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Introduction of Interim EE Requirements Deemed Unnecessary by Alberta Government

The Canadian Energy Efficiency Alliance’s (CEEA) request for the Alberta government to introduce interim energy efficiency requirements for builders prior to the introduction of the new National Building Code in 2014, has been deemed unnecessary by the Alberta Minister of Municipal Affairs, Hector Goudreau.

In a letter written to CEEA on May 9th, the Minister states:

“…the introduction of national standards for energy efficiency in this timeframe makes the adoption of interim energy efficiency standards unnecessary. The development of interim energy efficiency requirements could not occur sooner than the publication of the national energy codes.”

CEEA has been asking the Alberta government to put a plan in place to help industry transition to a standard equivalent to EnerGuide 80 by 2014, since no jurisdiction has ever gone from Alberta’s current level of energy efficiency to EnerGuide 80 without an interim step.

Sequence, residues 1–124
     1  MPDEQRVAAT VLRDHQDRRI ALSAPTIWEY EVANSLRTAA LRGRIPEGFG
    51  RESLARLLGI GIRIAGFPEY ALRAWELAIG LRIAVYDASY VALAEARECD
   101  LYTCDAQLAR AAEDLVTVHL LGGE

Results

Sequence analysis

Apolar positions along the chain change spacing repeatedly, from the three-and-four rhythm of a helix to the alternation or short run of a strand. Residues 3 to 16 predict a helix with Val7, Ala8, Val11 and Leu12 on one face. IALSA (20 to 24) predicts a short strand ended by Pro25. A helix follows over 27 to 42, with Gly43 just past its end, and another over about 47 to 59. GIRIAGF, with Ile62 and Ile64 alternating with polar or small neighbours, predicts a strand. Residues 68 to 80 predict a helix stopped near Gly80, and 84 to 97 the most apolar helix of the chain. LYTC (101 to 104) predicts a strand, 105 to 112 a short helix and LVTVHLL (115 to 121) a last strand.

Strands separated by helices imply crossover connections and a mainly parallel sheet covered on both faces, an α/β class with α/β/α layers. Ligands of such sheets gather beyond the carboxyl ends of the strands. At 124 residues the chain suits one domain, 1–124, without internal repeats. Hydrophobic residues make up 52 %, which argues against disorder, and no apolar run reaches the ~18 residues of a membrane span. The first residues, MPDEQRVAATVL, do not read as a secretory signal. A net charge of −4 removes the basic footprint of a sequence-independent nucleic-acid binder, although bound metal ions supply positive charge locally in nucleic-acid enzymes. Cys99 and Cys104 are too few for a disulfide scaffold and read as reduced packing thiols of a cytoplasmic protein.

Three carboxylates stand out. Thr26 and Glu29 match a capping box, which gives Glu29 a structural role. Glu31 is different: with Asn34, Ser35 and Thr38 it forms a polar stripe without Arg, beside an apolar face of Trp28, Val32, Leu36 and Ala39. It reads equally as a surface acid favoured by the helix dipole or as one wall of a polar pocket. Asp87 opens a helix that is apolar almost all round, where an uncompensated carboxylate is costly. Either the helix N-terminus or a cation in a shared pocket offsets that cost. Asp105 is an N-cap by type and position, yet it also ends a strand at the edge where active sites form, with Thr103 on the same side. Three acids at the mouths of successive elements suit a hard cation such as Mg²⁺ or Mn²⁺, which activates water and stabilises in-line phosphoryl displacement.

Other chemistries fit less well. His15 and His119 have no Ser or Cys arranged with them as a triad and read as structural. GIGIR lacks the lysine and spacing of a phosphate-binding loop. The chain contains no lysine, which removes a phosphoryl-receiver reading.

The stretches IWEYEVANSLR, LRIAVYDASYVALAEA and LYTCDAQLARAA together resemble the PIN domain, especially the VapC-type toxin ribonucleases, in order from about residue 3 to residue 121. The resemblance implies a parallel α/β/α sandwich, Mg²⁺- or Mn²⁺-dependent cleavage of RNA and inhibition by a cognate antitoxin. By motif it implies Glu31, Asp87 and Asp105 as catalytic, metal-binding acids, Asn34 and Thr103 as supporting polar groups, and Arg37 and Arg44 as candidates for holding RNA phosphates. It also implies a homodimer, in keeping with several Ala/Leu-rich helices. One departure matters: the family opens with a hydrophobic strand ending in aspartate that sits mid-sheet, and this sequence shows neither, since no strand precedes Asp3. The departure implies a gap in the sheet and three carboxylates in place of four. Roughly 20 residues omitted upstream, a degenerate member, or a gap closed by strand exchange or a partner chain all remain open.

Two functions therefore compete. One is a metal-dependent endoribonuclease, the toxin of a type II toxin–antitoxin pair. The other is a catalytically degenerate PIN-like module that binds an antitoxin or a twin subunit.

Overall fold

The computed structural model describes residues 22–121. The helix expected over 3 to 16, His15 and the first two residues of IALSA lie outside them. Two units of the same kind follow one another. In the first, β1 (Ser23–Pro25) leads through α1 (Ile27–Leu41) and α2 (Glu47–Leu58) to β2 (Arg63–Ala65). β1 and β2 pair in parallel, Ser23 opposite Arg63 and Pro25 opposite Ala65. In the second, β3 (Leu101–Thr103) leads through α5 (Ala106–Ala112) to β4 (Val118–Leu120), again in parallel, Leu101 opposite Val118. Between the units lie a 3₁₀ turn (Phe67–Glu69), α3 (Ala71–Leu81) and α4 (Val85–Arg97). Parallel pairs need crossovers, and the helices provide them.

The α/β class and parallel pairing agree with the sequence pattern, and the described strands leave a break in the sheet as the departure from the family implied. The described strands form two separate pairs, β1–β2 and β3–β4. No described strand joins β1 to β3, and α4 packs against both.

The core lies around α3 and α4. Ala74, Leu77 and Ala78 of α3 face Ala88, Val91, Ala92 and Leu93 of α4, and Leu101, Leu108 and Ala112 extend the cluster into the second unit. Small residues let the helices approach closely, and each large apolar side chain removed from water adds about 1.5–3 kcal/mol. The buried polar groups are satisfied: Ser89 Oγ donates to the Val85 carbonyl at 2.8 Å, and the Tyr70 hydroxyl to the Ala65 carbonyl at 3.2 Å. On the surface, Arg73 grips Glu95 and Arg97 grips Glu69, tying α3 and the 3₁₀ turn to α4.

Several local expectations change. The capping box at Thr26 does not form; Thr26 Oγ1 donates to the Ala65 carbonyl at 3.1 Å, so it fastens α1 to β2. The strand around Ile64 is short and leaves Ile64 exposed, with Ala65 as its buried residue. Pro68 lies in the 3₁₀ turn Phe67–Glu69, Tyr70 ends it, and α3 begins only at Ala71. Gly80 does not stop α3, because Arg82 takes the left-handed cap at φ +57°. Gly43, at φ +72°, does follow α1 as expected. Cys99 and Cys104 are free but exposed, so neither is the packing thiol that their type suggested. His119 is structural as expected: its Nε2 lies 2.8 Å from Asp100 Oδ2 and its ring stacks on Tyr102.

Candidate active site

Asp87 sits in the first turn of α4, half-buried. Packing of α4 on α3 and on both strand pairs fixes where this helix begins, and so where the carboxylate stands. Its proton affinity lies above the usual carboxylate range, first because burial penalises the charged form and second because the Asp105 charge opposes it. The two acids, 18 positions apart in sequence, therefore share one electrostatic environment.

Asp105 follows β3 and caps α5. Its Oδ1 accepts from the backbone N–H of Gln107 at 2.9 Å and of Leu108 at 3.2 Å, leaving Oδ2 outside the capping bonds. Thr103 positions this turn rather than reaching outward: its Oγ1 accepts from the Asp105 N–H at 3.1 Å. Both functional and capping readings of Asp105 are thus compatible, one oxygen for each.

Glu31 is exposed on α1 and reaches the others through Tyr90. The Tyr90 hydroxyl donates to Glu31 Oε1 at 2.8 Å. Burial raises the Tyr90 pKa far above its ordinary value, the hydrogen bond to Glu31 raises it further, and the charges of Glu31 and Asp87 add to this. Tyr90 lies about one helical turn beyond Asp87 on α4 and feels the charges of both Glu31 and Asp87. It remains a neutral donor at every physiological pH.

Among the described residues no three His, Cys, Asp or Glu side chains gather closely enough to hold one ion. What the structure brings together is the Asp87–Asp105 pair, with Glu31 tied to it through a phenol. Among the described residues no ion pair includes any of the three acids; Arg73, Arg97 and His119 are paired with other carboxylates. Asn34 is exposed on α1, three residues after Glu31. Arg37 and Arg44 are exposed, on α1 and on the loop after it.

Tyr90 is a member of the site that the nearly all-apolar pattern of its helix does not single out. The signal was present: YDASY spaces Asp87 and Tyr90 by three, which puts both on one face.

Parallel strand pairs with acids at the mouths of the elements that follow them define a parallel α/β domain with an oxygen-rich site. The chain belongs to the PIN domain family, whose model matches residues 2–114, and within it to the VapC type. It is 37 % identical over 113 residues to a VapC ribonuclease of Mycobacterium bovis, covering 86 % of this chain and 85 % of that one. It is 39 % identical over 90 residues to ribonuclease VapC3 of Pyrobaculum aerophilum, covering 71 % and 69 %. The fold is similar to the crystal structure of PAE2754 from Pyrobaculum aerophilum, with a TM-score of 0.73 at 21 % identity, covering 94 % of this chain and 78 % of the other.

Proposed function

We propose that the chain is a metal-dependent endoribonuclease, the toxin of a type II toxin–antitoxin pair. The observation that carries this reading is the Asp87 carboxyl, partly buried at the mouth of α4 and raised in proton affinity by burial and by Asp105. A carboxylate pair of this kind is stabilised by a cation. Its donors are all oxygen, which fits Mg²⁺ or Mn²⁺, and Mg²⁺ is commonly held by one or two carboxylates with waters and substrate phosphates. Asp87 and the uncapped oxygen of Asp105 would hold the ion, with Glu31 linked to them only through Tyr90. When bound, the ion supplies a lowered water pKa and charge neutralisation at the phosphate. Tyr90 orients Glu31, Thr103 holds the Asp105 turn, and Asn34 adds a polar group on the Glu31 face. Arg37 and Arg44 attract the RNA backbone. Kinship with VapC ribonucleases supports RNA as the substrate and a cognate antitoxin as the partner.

“It is unfortunate that the Alberta Government continues to ignore the expectations and economic well being of new home buyers in Alberta. Without an interim step, Alberta builders face a much tougher challenge ahead of them,” stated Mr. Elsey, CEEA’s President and CEO.

In the original CEEA letter addressed to Minister Goudreau, Mr. Elsey expressed his concern around Alberta’s 2009 National Report Card on Energy Efficiency grading of B+, which reflected the provinces commitment to introduce an interim code.

“Our B+ grading for Alberta in our 2009 Report Card was based on the province’s commitment to energy efficiency and the introduction of an interim energy efficiency requirement that would be in place prior to the introduction of the new model National Energy Codes. Without the interim step, their grading would have been different. Our Report Card Review Committee is currently reviewing their 2009 score based on the recent information provided by Minister Goudreau,” stated Mr. Elsey.

CEEA’s Report Card Review Committee, which is responsible for grading the provincial submissions for CEEA’s biannual National Report Card on Energy Efficiency, will be in discussions later this week to re-access Alberta’s 2009 grade.